# R Sampling

# Sampling Examples

In this document we demonstrate the workings of the Law of Large Numbers (LLN) and the Central Limit Theorem (CLT). The example we are working with is that of sampling from the population of the UK and asking for the respondent's age. here is an illustration of the UK's age distribution:

As we do not have the actual age data for the entire distribution available (although one could use census data and get pretty close) we will simulate a set 65 Million (app. size of the UK population) ages.

The following function does this random simulation. there is really no need for you to understand what is happening in there, unless, of course, you want to learn how to use a self-defined function (`UKpop_ages`

) in R (an extremely useful skill!).

UKpop_ages <- function(pop) { agebins <- 1:100 n <- length(agebins) ages <- rep(0, pop) # define probabilities to replicate UK age distribution prob <- c(seq(4.6, 3.58, length.out=9),seq(3.6, 4.5, length.out=12), seq(4.5, 4.7, length.out=10),4.60,4.4,4.2,4, seq(4.0, 4.8, length.out=12),seq(4.8, 3.8, length.out=14), 3.75,3.8,3.8,3.9,3.85,4,3.3,3.35,3.25,3.1, seq(2.9, 0.1, length.out=22),seq(0.09, 0.05, length.out=7)) # rescale to represent probabilities prob <- prob/sum(prob) cumprob <- cumsum(prob) sel <- runif(pop, min = 0, max = 1) for (i in 1:pop){ ages[i] <- sum(sel[i]>cumprob) } return(ages) }

This function has been calibrated to mimic the UK population age structure which has an average age of 40. By calling `UKpop_ages(n)`

we can draw a sample of size `n`

from the UK population.

# Demonstration of the Law of Large Numbers (LLN)

Now we call this function and draw a random sample of 2 observations and save it into a variable `ages`

.

ages <- UKpop_ages(2) print(ages)

## [1] 40 44

x <- 2 # this is in preparation for the following graph y <- mean(ages)

You can see that the sample mean 42 is not really close to the population mean of 40 (if it is, it is due to luck). Let's see what happens as we add more and more observations to our sample. We start out with the two observations we have and keep adding until we have a sample size of 1000.

As we go we will plot the sample mean at every stage

plot.new() # convert factor to numeric for convenience nmax <- 500 # get the range for the x and y axis xrange <- c(2,nmax) yrange <- c(10,90) for (i in 3:nmax){ new_obs <- UKpop_ages(1) # draw one extra observation ages <- c(ages,new_obs) x <- c(x, i) # add the new sample size to vector x y <- c(y, mean(ages)) # add the new sample mean } # set up the plot plot(x, y, type="l", main="Law of Large Numbers", xlab = "Sample Size (n)", ylab = "Sample mean")

As you can see the sample mean can deviate substantially from the population mean for small sample sizes, but as we increase the sample size we will get closer to the population mean of 40. The LLN basically states that we can get arbitrarily close if we just increase the sample size sufficiently.

In some sense the LLN thinks about what happens to the sample mean of **one** sample as it increases in sample size.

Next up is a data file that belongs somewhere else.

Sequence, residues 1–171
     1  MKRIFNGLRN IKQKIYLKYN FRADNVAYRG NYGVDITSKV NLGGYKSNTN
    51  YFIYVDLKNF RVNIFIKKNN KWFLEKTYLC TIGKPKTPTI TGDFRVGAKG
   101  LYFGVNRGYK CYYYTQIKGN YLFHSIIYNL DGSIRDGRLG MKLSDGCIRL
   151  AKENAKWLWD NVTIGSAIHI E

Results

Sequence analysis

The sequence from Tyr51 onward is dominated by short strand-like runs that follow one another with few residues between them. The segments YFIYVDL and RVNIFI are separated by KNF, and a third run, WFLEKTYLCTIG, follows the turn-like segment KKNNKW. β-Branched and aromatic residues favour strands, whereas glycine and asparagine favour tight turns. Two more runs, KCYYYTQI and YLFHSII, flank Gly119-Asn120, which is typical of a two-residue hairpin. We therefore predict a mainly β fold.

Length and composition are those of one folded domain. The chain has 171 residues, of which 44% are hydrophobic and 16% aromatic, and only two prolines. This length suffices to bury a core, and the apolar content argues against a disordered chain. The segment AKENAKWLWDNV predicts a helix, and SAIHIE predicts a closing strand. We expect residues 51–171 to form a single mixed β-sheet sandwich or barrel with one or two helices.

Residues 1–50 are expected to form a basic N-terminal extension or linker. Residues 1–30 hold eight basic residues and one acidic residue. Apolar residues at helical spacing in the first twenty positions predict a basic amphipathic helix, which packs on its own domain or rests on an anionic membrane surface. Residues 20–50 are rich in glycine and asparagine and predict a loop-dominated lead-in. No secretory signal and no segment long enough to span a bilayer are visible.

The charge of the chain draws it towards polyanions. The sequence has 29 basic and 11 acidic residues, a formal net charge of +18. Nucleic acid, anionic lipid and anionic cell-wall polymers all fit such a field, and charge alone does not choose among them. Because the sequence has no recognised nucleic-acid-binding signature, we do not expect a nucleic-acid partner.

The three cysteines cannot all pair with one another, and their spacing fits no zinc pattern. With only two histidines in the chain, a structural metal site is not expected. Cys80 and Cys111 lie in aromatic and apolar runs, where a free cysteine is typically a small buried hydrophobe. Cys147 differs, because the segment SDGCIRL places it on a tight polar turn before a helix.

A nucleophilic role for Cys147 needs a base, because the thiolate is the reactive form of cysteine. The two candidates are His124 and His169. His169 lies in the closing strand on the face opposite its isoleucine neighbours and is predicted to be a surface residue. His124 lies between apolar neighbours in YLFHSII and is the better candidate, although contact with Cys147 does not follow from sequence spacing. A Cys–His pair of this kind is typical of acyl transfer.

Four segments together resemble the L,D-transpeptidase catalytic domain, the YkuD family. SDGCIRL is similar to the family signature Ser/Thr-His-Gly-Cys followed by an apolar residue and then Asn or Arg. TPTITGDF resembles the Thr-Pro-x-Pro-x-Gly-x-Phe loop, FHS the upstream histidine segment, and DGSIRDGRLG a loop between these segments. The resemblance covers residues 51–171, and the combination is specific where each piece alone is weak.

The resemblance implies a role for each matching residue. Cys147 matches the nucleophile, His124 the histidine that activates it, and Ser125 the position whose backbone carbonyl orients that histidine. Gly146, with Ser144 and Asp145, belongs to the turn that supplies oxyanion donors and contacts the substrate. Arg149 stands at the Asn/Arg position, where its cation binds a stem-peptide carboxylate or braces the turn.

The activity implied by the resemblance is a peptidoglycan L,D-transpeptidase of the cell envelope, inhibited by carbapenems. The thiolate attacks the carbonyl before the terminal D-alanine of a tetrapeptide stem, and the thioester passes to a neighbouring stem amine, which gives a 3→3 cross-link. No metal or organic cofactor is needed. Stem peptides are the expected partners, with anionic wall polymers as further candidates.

# Demonstration of the Central Limit Theorem (CLT)

The CLT makes statements about the **distribution** of sample means as the sample size increases. We are now explicitelty recognisisng that sample means are random variables. If we draw several samples of the same sample size from the same distribution we will get a distribution of outcomes.

library(ggplot2) # to make density plots

To get this idea bedded in, let's draw 1000 samples of size two from our UK population function and then let's look at the resulting distribution.

nsamples <- 10000 # Number of samples to draw sampmeans <- rep(0, nsamples) n <- 2 # Sample size for (i in 1:nsamples){ ages <- UKpop_ages(n) # draw one extra observation sampmeans[i] <- mean(ages) }

And here comes the distribution plot. There is absolutely no need to understand the details here. We are using the awesome ggplot2 package which is much more powerful than the mosaic package which was introduced on ECLR (but also more complicated to use).

#Sample data dat <- data.frame(s_means = c(sampmeans,rnorm(10000, mean=mean(sampmeans), sd=sd(sampmeans))),lines = c(rep("Sample",nsamples),rep("Normal", 10000))) #Plot. ggplot(dat, aes(x = s_means, fill = lines)) + geom_density(alpha = 0.5) + ggtitle("Sample Size = 2")

The differences with the normal distribution are actually quite subtle, but especially the left hand tail does not match. In our sample of 2 we get too few sample averages in the tail.. Let's see what happens if we increase the sample size to `n=10`

.

nsamples <- 10000 # Number of samples to draw sampmeans <- rep(0, nsamples) n <- 10 # Sample size for (i in 1:nsamples){ ages <- UKpop_ages(n) # draw one extra observation sampmeans[i] <- mean(ages) } #Sample data dat <- data.frame(s_means = c(sampmeans,rnorm(10000, mean=mean(sampmeans), sd=sd(sampmeans))),lines = c(rep("Sample",nsamples),rep("Normal", 10000))) #Plot. ggplot(dat, aes(x = s_means, fill = lines)) + geom_density(alpha = 0.5)+ ggtitle("Sample Size = 10")

And we are bang on! Here, after only 10 observations the CLT has kicked in and has delivered a sampling distribution for the sample mean that is basically a normal distribution. And that happened despite the distribution from which we sample being very non-normal.

However, our age distribution had an important feature that makes this convergence to the normal distribution pretty quick (here already after a sample size of 5); it is fairly symmetric.